5. We do not compete against each other, but rather help each other find what is the most reasonable idea to believe, or action to take;
  6. We accept everyone's confusions and ignorance, and the challenges to address them;
  7. We expect everyone to conform to the standrards of reasoning: clarity, precision, accuracy (exactitude), relevance, logical & scientific rigor, impartiality, completeness, depth, breadth...;
  8. We make sure we understand another's ideas before before evaluating them;
  9. We help one another to clarify ideas;
  10. We give one another sufficient time to reflect (e.g., after raising a question);
  11. We permit ourselves and others to think aloud, and to correct ourselves (and others) afterward;
  12. We find common ground to and shared ideas and values from which to resolve disagreements;
  13. We are honest, e.g., we do not change our minds when we are not truly persuaded by others;
  14. We are open-minded; we change our minds when better evidence is presented against our position;
  15. We do not interrupt each other;
  16. We do not monopolize discussions;
  17. We avoid "popcorn" discussions; we respond constructively and build on each other's contributions in order to advance the discussion.
What else would you recommend be added to the foregoing?


We will have an in-class mid-term exam (25% of grade) and an in-class final exam (25% of grade). There will be four short unannounced pop quizzes. The quizzes will be drawn directly from the review/quiz materials presented in the online study aids, and will comprise 15% of your grade (I will drop the lowest of the 4 quiz scores). You will write an argument essay (an “Op-Ed”) on a secular issue topic of your choosing in which you will display your increasing mastery of critical thinking and solid reasoning techniques and skills. This paper will be due one week before the final exam and will constitute 25% of your grade. The remaining 10% of your grade will come from homework assignments handed in on time after they are announced.

My grading will conform to UNLV requirements. To the extent you all earn "A"s, I succeed. But, you must do your part to earn them. I am available by phone and email always, and will do my utmost to respond quickly to your questions, comments, complaints, and suggestions.

Finally, I expect academic honesty. No plagiarism, please (which I can readily spot). Don't risk an immediate course grade of "F". Just participate actively, and do the work. I will try to make it fun.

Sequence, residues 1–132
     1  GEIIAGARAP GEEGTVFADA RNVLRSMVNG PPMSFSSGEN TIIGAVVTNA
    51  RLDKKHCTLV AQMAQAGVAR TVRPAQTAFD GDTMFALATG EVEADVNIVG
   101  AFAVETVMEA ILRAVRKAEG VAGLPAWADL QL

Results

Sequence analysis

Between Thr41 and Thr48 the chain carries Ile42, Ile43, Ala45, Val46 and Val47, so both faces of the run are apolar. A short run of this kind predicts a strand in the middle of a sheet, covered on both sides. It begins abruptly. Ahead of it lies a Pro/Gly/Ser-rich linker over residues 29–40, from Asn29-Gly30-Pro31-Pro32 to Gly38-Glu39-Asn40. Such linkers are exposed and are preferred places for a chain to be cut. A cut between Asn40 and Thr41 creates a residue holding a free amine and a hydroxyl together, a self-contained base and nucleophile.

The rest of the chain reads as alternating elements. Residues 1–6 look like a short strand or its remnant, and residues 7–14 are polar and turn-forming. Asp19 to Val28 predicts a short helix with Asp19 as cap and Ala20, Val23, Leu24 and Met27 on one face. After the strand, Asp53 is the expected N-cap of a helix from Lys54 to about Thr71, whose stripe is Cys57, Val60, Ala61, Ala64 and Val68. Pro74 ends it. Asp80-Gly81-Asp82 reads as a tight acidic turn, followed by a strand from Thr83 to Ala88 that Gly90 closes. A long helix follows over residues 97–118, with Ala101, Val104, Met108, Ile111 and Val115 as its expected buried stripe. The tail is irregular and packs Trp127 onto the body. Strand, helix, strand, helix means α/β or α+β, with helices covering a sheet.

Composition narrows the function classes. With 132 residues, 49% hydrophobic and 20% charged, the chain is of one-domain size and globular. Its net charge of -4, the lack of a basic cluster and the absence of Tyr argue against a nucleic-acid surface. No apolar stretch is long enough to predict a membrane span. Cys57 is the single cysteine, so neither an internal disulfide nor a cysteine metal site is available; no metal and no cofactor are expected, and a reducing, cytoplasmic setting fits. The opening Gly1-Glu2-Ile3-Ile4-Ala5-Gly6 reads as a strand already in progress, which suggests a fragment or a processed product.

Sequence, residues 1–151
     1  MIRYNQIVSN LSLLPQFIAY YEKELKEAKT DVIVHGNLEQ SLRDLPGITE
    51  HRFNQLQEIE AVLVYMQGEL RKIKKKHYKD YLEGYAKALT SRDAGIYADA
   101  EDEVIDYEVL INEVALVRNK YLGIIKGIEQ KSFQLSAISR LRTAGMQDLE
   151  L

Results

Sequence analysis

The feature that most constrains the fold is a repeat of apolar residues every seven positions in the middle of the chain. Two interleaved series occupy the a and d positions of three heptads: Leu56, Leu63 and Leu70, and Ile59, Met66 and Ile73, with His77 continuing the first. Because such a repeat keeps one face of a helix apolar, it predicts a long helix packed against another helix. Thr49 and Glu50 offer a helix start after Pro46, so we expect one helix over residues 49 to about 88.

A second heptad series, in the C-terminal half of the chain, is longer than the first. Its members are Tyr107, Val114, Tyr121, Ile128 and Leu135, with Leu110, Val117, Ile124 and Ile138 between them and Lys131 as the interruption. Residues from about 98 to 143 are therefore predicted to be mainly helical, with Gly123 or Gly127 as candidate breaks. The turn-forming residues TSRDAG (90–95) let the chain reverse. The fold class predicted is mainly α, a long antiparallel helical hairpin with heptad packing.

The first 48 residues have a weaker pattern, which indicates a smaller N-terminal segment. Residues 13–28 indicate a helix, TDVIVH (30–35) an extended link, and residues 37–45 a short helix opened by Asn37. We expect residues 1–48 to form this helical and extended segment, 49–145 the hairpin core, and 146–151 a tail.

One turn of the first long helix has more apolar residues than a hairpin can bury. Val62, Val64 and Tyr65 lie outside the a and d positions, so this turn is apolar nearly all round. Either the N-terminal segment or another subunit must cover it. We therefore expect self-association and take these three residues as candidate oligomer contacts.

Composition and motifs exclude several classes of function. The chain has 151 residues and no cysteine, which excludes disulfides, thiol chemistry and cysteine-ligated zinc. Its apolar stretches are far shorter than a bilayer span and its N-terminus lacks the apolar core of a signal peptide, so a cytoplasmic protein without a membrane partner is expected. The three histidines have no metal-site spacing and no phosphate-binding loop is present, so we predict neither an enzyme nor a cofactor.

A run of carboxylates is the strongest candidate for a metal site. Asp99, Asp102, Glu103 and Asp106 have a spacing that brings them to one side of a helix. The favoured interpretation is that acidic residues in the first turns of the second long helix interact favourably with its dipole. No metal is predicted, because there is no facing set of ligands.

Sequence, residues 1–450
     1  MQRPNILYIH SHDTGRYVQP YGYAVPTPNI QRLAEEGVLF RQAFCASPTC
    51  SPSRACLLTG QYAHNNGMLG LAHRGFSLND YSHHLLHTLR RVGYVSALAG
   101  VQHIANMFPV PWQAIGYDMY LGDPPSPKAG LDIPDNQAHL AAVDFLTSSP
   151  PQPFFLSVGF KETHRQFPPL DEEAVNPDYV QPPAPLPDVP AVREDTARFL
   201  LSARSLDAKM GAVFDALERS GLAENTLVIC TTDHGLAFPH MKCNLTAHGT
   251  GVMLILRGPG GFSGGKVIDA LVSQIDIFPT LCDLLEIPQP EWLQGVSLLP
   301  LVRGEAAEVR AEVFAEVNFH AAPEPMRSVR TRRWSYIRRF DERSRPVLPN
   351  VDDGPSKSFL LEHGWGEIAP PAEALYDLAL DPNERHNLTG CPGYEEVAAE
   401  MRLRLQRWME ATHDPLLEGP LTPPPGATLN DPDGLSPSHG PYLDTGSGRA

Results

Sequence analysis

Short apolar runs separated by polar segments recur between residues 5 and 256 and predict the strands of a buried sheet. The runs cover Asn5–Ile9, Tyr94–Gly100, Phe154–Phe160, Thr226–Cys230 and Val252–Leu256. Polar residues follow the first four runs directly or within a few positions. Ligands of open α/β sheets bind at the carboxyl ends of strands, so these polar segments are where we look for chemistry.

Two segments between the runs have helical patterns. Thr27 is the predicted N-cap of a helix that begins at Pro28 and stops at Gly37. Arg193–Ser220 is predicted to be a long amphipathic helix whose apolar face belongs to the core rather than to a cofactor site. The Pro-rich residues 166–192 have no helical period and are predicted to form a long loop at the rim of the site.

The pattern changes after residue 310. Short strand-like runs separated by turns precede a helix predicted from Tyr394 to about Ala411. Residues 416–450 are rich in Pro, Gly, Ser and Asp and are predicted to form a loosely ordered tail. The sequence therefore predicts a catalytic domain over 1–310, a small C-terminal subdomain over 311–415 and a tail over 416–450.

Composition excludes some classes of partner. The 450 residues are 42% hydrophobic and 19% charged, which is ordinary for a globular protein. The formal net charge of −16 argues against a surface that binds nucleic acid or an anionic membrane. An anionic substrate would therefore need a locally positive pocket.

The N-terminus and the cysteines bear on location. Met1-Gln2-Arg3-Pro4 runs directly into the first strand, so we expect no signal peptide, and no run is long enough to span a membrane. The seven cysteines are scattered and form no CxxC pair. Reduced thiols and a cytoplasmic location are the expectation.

Required notices

If you have a documented disability that may require assistance, contact the Disability Resource Center (DRC), located at Room 137, Reynolds Student Services Complex, phone 895-0866 or TDD 895-0652. On the web see

If you must be absent owing to observance of religious holiday, please let me know ahead of time. All students are responsible for the material presented; missing class will not be accepted as an excuse. The textbook is interesting and an accessible read. The additional online resources are many and comprehensive. Use them.

A few interesting web resources for critical thinking:

Online style guide, writing, & critical thinking resource

For help with effective writing (essential to effective communication of reasoned argument), see

First class assignment

I go well beyond the textbook and try to apply its concepts to timely, real-world issues that are of interest to you, the students. To be able to do that, I require that each of you think about, write down, rank-order, and hand in a “Top Ten” list of issues you are most concerned with. These can range from the purely personal all the way to the large national / global issues of war/peace, human rights, environment, morality etc. I then tabulate these to get a feel for what is of most concern to all of you, after which I can choose argument examples more likely to be of your interest.

Getting started

OK: "Arguments" are about persuasion. I want to persuade you that my view on some "issue" is correct. So, I make statements that offer some "evidence" to support my claim. My claims may be factual ("truth claims") or they may be pure opinion. I may be simply "blowing smoke."

Also, maybe an "issue" is purely within myself, and not about some political or social topic. Should I buy this DVD unit or that one? Marry this person or that one? Take this job or that one? Take Critical Thinking or some other course at UNLV in its place? Take creatine for my weightlifting or not?

We have to weigh evidence and decide. And, much of the time we don't really give enough thought to what really counts as good evidence.


We discuss in broad terms the concepts of how we reason, noting that there are essentially two methods of trying to determine "truth":

     Deductive reasoning: the form of analysis in which true conclusions must follow from true premises (given a valid argument structure), and;
     Inductive reasoning: wherein we assess how likely it is that some conclusion is true or false.